Friday, 23 May 2014

Guide to Teaching Board Games - Five Steps

| April 4th 2016 | 
Thanks for checking out my blog. I have a new, much better looking version of this review here:

You're holding it in your hands, that awesome cool looking game that you really want. What's holding you back? Maybe your group just isn't in to those type of games, maybe your group doesn't have enough players, or maybe you just suck at explaining how to play.

This is the first part in a series that will hopefully help you become a better board game teacher so that you can not only play any game with your friends / gaming group but you will also have no problem at all introducing new people to the wonderful world of board gaming.

Before diving into what you can do to make sure you are explaining the game to the best of your ability I will first cover the biggest mistake you can make.

Avoid long winded explanations: This is by far the biggest point, I have seen many explanations lose players entirely this way. So much wasted time when you go through a 25 minute explanation only to have players ask what to do or how this works or what that thingy is. Do not explain every little detail there is, keep things short and sweet. I will talk about this more below but for context it is important to understand that trying to explain too much at once, or in the wrong order, adding little irrelevant details will overload the people you are wanting to teach your game to. Instead you should keep them on a need to know basis.

Steps to a good explanation

The following steps will explain what I think the best order to explain a game in is, one thing to keep in mind while you continue reading is to know your group. The key to teaching anything lies in explaining the concepts in a relatable way, if your group has played a similar game to not hesitate to draw upon similarities and make those connections.

Objective/Goal: The easiest way for someone to understand a new concept is by starting with the goal. Getting money, ore or fuel is fun and all but if I don't know what I am trying to accomplish none of it is really going to make sense. If the goal is something simple like having the most points then briefly touch on when the game ends. Next you are going to move into how you complete that objective. Avoid explaining any out of the ordinary game ending conditions, you can get back to them in the recap but for now just stick to what they need to know.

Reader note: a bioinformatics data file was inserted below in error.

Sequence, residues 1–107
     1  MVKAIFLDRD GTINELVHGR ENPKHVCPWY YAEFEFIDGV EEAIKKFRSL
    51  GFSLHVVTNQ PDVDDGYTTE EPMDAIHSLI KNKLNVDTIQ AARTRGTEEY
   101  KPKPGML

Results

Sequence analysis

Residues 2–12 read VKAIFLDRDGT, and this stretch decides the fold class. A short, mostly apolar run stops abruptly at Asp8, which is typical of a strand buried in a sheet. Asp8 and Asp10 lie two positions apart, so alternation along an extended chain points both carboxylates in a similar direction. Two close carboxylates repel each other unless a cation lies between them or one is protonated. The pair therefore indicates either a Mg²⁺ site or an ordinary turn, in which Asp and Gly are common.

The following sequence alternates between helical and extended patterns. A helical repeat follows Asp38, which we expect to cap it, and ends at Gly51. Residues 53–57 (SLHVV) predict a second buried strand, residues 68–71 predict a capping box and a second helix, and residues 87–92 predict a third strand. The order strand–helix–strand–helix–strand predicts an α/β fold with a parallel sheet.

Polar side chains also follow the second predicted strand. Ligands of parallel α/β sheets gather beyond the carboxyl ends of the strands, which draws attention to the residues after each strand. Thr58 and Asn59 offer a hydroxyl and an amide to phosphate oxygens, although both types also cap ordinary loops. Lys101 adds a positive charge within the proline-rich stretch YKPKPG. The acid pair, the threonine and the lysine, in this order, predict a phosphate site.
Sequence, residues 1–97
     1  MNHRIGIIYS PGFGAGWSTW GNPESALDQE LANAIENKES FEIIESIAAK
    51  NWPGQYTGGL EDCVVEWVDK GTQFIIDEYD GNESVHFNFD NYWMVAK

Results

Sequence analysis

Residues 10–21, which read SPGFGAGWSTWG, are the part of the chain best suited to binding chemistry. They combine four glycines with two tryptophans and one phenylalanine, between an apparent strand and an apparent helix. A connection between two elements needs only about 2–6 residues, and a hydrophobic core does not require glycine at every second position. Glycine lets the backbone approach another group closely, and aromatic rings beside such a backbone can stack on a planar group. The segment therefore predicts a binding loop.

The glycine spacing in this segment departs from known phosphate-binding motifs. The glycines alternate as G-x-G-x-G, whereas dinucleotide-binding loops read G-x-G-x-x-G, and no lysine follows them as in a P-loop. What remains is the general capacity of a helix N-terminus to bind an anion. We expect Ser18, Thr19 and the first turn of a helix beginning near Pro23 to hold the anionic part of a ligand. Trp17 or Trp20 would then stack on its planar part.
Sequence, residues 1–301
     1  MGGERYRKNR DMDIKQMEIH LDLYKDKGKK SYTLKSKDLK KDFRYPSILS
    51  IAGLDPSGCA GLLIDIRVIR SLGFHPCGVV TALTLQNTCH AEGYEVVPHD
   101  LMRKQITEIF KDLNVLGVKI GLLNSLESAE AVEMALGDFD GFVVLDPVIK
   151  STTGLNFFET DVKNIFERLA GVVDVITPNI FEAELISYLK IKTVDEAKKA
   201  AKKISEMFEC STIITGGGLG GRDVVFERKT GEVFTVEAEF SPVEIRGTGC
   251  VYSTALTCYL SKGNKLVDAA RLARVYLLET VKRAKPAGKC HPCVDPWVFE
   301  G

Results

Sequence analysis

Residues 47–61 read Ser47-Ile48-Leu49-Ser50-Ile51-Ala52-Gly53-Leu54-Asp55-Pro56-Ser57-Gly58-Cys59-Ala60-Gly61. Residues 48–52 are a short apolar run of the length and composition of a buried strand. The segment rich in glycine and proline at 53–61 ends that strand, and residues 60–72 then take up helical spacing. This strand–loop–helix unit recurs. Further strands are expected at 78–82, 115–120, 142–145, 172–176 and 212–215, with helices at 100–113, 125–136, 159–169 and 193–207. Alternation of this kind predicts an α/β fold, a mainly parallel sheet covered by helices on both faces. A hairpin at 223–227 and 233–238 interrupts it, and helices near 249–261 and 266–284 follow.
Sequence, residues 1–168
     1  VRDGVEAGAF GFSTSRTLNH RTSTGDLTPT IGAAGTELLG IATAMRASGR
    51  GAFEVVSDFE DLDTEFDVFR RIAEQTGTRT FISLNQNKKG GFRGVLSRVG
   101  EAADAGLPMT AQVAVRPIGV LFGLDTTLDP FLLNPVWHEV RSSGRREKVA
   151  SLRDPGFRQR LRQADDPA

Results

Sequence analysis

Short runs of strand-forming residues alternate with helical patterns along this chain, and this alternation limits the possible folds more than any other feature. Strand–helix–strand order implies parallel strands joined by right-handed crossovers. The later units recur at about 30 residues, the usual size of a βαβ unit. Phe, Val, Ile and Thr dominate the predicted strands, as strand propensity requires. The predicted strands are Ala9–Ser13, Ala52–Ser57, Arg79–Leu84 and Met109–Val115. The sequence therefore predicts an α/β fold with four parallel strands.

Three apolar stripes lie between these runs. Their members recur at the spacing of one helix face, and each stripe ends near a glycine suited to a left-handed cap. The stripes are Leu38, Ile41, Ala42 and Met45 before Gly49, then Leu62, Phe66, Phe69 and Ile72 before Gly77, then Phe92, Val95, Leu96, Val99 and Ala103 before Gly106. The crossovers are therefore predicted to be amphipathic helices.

Tools: Now that players understand what they are trying to do you are going to want to explain what they can use to accomplish that goal. If you goal is to take over your opponent's base you are going to cover the most basic things you have in your arsenal. If the goal is to have the most victory points you might explain the different ways to get them; "travel to these towns, donate to the church, serve these customers, get on the village council, or hoard your coins." Once players have grasped what their goal is and the different ways they can achieve it you are going to move into the process.

The Absolute Basics: Now that everyone knows their goal, the options of tools they can use to complete that goal you are going to summarize the game flow in as little information as possible. "On your turn you place one of your people onto an open space to activate it. Once everyone is out of people to place we get them all back and can start placing them again. Instead of placing a person you can take just take coins or complete a building by paying the corresponding costs listed on the card"

Recap: This should have taken you somewhere around 1-3 minutes per topic depending on the game. Now you do a very short recap, something like "remember the game ends after the 8th turn, then there are some final scoring conditions and we each get points for unused adventurers and gold. Then we all get bonus points according to the hidden objective on the Lord Card I dealt you earlier.

Set the example: Telling everyone all this is great and wonderful but still you might get some deer in the headlights, that is just because everyone learns differently. I find that it always helps if the people knowing the game start even if it is just you that way everyone else gets a chance to see the game flow in action.

Thank you for reading my steps to explaining board games. In the upcoming part of the series I will give an example of a streamlined explanation of a complex game as well as cover a totally different angle than just worker placement games. I will also offer some great tips that will help you to explain a board game whether or not you decide to follow my 5 steps.

Part Two - Five Steps in Example - Streamlined Explanation of Rialto

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